A bill to allow individuals to change their name without putting a legal notice into the local newspaper passed the House 43 to 24. HB 31, No Publication Required for Name Change, now heads to the Senate. The bill, sponsored by state Rep. Christine Chandler, D-Albuquerque, received little debate on the House floor. It will, if enacted, protect transgender individuals and survivors of domestic violence, stalking and assault from needing to put a legal notice in a local newspaper to announce the name change. State Rep. Stefani Lord, R-Sandia Park, took issue with the fact that a 15-year-old could change their name without notifying a parent or guardian.
The House Judiciary Committee passed a bill that expands voting rights on a 7-4 party-line vote on Monday. HB 4, if enacted, would expand automatic voter registration, restore released convicted felons’ right to vote, create a voluntary permanent absentee voter list and enact the Native American Voting Rights Act. “For this bill, I think it’s a really solid step forward in improving access to the electoral system for as many people as possible,” House Judiciary Committee Chairwoman Christine Chandler said. “And the other one is this issue of felons and they’re released from prison and… they’re on some conditions of parole and what do we want for those folks? We want them integrated in our society..
The House Judiciary Committee passed the Reproductive and Gender-Affirming Health Care bill with two amendments by a party line vote of 7 to 4. HB 7 will, if enacted, ensure that all individuals in the state can access reproductive healthcare and gender-affirming care and that if an individual is discriminated against in seeking that care, the individual can seek legal remedy. Rep. Linda Serrato, a Democrat from Santa Fe, sponsored the bill and has said frequently that the bill will, if enacted, prevent a patchwork of healthcare across the state. The cities of Clovis and Hobbs and Lea and Roosevelt counties have passed anti-abortion ordinances that impact abortion clinics’ ability to apply for licenses in those political subdivisions and also place restrictions on medication abortion. Clovis Mayor Mike Morris spoke during public comment on the bill and said the bill “takes away home rule.”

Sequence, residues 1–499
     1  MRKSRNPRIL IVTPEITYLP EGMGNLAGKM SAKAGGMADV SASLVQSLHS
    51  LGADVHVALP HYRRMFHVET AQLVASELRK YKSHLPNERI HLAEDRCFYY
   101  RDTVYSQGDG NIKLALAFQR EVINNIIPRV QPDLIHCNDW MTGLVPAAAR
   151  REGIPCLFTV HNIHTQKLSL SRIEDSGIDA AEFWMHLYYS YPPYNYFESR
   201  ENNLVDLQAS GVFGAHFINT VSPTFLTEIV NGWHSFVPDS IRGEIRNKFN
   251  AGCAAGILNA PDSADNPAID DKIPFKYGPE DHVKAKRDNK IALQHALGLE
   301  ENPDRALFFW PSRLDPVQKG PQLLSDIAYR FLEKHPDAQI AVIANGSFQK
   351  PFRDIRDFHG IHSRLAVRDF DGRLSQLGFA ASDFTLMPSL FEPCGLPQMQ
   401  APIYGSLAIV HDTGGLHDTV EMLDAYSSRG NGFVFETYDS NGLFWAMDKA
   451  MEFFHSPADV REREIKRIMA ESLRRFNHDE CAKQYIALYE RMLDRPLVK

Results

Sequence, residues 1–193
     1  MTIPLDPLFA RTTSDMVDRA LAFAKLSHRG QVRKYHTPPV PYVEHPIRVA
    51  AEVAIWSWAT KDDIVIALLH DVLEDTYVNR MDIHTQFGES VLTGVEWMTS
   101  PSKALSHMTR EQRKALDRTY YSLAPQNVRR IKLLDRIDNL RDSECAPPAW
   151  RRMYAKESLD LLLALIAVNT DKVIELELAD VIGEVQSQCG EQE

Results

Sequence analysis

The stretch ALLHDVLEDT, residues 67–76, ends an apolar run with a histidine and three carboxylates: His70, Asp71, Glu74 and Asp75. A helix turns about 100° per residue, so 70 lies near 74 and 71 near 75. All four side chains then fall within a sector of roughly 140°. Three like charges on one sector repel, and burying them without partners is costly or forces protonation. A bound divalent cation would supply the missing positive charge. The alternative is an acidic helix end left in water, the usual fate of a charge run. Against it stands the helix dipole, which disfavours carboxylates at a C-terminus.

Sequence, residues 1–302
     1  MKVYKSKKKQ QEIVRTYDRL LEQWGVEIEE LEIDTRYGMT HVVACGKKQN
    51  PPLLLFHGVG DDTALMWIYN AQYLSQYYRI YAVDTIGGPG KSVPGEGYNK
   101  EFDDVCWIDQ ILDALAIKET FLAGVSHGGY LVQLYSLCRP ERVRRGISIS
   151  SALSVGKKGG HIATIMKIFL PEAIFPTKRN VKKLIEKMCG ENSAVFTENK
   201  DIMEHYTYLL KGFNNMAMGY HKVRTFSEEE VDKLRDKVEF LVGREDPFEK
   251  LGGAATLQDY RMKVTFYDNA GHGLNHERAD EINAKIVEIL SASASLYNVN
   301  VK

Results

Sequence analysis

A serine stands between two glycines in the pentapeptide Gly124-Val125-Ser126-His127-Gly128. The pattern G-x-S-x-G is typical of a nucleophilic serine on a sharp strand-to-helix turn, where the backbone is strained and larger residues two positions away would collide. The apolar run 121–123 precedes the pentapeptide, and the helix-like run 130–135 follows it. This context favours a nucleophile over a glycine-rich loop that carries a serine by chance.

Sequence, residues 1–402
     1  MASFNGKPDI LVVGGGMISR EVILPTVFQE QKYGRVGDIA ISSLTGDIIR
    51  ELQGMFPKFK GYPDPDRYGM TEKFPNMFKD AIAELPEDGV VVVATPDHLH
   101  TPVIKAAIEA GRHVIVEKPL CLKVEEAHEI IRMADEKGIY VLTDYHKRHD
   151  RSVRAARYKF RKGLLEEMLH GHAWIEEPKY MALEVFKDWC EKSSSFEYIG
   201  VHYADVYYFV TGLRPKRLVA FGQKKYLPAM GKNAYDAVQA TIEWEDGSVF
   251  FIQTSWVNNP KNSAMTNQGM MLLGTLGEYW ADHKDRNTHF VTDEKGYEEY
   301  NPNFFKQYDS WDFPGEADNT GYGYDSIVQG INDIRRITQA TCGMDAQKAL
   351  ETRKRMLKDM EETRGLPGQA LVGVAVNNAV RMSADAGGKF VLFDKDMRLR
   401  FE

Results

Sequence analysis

He asked that the committee, if unable to vote no on the bill, “preserve our local authority to reflect the values of the citizens,” he said.
A bill that will eliminate the requirement to give public notice when changing a name passed the House Judiciary Committee by 10 to 0 on Friday. Sponsored by House Rep. Christine Chandler, a Democrat from Albuquerque, HB 31 will, if enacted, eliminate from statute the requirement to place a public notice for 14 days in the local newspaper when a person seeks to change their name. The Legislature put the requirement into law decades ago and it was intended to prevent individuals from evading creditors. The law is now antiquated and it puts transgender individuals and survivors of domestic violence, assault and stalking in danger, advocates of the bill have said. Chandler said the bill removes the requirement that both parents be notified of a name change of a minor.
A bill to help breast cancer patients and, potentially, reduce mortality rates in New Mexico awaits a hearing in the current legislative session. The bill, Breast Exam Health Coverage, or HB 27, would end cost-sharing costs for individuals who require additional breast imaging to detect breast cancer according to Rachel Birch, the director of State Policy and Advocacy for Susan G. Komen, a breast cancer research and advocacy organization. Rep. Christine Chandler, D-Los Alamos, is sponsoring the bill. Chandler said by email that “early detection is key to treating breast cancer.”
“Unfortunately, right now patients who are at higher risk or need follow-up tests after an abnormal mammogram often face out-of-pocket costs that are extremely burdensome or prohibitive, even with commercial insurance. By eliminating those costs, we can make it easier for patients to detect breast cancer in its earliest stages, which means more New Mexicans will have access to lifesaving care,” Chandler said.